The Oil and Gas Appeal Tribunal denied a stay application from a Squamish landowner about the removal of a stretch of old pipeline and a new pipeline, which will partially be located on her property.
Fortis BC is currently planning for the upcoming Eagle Mountain – Woodfibre Gas Pipeline Project, which will run down Finch Drive.
A stay means to stop or put a hold on a legal proceeding.
The resident, Linnea Voss, asked the tribunal to halt the FortisBC permit received from the Oil and Gas Commission — which allows FortisBC to deactivate part of the existing pipeline on the Finch Road property and install a new pipeline — until some concerns were answered. The appeal went before the tribunal in late September 2022.
It was published later on CanLII, the Canadian Legal Information Institute, a non-profit organization that has a mandate to provide more public access to legal decisions.
The pipeline work is anticipated to start around June and to be completed in or about April 2024, according to the stay of application decision.
Voss’s appeal argued there was a lack of communication about the project.
FortisBC said it sent a letter to Voss on Sept. 23, 2021, which provided notice of the proposed amendment, but no response was received from the landowner.
Voss said she did not receive that letter. “I do not have a copy of that. I have never signed anything with Fortis. I have not spoken to a Fortis representative in over a year. I was under the impression that this project may not go ahead,” the decision states.
The landowner also argued there were unclear expectations about the leftover pipeline, lack of a forest fire plan or evacuation plan for the household, a lack of archaeological assessment plus information on the duration of the project, and issues about the use of their property.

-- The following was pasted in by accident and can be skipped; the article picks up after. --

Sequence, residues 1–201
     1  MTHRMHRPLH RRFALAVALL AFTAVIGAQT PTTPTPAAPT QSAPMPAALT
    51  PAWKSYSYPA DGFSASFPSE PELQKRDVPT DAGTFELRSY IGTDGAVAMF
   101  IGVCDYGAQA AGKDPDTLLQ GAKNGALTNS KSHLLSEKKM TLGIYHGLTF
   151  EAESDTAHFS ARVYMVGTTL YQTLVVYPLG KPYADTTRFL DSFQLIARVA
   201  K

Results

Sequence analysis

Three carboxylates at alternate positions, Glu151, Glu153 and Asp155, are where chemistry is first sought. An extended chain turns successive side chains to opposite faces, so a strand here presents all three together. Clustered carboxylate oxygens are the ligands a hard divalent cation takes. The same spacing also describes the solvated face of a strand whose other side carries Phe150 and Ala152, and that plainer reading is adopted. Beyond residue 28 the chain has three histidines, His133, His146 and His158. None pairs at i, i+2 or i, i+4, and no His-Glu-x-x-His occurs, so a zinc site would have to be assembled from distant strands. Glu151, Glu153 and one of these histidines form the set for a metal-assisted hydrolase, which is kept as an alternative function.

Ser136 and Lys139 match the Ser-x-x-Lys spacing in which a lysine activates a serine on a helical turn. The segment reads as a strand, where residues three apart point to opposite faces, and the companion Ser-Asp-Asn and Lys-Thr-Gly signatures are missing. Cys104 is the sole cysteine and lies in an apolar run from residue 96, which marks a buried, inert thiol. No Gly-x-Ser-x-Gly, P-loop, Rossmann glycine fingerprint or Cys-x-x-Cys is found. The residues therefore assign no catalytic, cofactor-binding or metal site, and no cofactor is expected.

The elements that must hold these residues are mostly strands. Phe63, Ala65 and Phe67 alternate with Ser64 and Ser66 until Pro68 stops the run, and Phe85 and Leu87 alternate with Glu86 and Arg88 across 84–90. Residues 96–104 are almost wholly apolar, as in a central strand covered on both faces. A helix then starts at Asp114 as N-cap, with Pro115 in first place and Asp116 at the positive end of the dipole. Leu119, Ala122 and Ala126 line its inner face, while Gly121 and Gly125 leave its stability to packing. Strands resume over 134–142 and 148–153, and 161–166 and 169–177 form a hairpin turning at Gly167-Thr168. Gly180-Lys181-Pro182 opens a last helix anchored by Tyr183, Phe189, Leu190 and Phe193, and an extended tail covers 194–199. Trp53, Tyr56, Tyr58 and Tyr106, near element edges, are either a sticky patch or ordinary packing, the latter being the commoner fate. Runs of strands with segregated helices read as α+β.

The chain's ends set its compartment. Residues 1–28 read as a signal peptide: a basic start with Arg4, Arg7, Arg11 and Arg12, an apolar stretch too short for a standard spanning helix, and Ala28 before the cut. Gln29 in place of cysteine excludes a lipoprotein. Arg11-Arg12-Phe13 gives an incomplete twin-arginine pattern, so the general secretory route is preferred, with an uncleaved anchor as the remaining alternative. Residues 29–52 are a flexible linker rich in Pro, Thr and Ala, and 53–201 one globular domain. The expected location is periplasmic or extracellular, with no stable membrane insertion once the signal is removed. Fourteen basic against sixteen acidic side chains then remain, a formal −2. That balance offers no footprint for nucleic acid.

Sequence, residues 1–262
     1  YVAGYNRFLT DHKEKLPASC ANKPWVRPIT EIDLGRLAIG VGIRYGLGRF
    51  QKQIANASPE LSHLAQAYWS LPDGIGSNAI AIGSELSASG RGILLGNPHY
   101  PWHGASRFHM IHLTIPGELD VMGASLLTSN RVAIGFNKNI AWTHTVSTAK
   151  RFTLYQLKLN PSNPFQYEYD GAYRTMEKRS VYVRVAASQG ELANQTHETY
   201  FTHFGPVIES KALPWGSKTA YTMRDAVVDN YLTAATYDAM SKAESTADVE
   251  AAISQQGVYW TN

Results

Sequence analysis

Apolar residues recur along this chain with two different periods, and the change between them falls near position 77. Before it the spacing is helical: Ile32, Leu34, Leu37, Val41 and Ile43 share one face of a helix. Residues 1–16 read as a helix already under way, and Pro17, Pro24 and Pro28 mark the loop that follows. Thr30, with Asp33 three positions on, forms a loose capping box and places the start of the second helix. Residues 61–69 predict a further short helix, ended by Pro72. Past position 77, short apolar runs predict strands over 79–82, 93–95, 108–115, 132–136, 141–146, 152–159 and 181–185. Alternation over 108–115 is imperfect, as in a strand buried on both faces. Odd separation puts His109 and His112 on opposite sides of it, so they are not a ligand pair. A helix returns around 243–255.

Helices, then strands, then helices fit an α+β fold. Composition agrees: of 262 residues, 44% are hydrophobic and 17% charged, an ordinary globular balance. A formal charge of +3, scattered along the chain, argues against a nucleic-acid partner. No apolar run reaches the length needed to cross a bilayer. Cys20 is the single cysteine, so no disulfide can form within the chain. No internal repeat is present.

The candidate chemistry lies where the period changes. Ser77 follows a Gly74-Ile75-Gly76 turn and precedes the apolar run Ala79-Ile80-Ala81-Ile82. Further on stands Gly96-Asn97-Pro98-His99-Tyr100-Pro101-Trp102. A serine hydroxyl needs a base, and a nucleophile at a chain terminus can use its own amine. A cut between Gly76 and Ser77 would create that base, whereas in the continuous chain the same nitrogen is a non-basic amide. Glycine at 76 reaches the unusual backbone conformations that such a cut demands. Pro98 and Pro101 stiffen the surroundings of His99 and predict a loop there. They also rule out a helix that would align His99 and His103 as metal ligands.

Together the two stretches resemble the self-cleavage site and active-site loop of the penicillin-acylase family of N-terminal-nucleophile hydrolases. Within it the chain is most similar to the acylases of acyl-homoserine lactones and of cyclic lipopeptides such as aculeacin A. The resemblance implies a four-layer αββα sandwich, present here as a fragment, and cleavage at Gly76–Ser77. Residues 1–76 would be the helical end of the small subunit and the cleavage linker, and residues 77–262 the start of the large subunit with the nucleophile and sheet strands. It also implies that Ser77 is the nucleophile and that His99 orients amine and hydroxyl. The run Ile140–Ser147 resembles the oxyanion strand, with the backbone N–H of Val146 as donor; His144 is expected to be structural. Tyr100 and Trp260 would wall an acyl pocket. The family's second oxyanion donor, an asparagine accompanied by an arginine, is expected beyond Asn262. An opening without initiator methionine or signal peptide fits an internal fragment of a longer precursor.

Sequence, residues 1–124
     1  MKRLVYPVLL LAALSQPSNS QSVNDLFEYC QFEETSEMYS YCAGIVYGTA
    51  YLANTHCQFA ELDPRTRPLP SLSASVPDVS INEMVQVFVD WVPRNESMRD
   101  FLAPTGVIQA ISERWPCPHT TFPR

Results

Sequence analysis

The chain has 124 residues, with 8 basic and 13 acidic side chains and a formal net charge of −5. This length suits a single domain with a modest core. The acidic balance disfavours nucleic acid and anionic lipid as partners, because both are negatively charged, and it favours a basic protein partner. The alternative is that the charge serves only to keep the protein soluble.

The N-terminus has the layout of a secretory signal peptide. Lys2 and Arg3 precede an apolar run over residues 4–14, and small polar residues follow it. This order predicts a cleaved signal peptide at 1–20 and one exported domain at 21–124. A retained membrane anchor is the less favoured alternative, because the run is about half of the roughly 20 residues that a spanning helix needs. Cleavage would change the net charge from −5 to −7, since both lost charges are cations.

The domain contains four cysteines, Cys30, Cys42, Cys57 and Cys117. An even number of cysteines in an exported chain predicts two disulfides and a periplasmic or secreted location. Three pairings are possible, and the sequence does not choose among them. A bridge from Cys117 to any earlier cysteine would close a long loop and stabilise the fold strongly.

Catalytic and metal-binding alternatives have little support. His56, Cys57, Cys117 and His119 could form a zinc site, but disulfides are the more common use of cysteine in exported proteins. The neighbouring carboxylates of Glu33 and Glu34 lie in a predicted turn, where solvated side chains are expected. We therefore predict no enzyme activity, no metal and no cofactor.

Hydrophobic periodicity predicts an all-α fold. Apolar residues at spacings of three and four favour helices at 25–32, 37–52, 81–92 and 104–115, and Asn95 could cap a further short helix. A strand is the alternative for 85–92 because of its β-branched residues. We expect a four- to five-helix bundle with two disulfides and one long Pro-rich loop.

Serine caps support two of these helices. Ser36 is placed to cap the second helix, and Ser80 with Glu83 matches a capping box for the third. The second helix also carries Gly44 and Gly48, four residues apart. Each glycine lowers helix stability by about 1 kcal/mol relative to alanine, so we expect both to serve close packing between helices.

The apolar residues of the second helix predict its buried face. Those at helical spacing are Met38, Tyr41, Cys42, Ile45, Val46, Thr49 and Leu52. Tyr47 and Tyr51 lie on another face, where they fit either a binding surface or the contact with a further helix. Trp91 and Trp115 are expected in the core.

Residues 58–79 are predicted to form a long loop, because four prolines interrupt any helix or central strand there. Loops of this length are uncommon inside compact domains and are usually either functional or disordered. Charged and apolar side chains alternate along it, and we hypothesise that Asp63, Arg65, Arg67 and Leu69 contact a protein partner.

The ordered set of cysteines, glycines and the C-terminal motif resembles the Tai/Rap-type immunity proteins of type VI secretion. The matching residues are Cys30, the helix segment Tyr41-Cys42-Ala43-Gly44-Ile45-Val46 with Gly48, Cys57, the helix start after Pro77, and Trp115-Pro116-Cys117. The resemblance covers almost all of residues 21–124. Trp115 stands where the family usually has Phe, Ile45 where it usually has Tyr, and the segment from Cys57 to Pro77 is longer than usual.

Both FortisBC and the Oil and Gas Commission opposed the application for the stay.
After the application was filed, FortisBC sent a document to Voss that included a financial offer but Voss said the offer was insufficient.
The tribunal denied the stay application.
“I conclude that the balance of convenience weighs in favour of denying a stay of the amended permit,” wrote the chair of the tribunal, Darrell Le Houillier.
The tribunal wrote that an archaeological assessment was conducted by the Oil and Gas Commission prior to approving the permit and emergency plans are required to be given to households or properties within emergency planning zones.
The tribunal also noted that a stay application was an “extraordinary” solution in this circumstance.
“I find that the applicant has provided insufficient evidence for me to conclude that denying a stay is likely to result [in] irreparable harm to her interests,” wrote Le Houillier.
“The legal test for a stay requires the applicant to provide evidence that her interests will likely suffer irreparable harm if a stay is denied,” he continued. “The applicant has the onus to provide evidence that justifies granting such an extraordinary remedy, and I find that she has not done so.”
Finally, regarding compensation to Voss from FortisBC and use of property, Le Houillier wrote, “The applicant’s concerns about Fortis entering onto and using the property, and the adequacy of the associated financial compensation, are not matters that the tribunal has jurisdiction to decide.”
Le Houillier wrote the amended permit given to FortisBC does not authorize them to use private land or property and such use must be authorized through a surface lease with the landowner or an order from the Surface Rights Board. That board has the authority to decide the permitted use of the property by FortisBC and compensation to the landowner.
As such, Le Houillier concluded that these concerns the tribunal could consider when deciding to deny this particular appeal.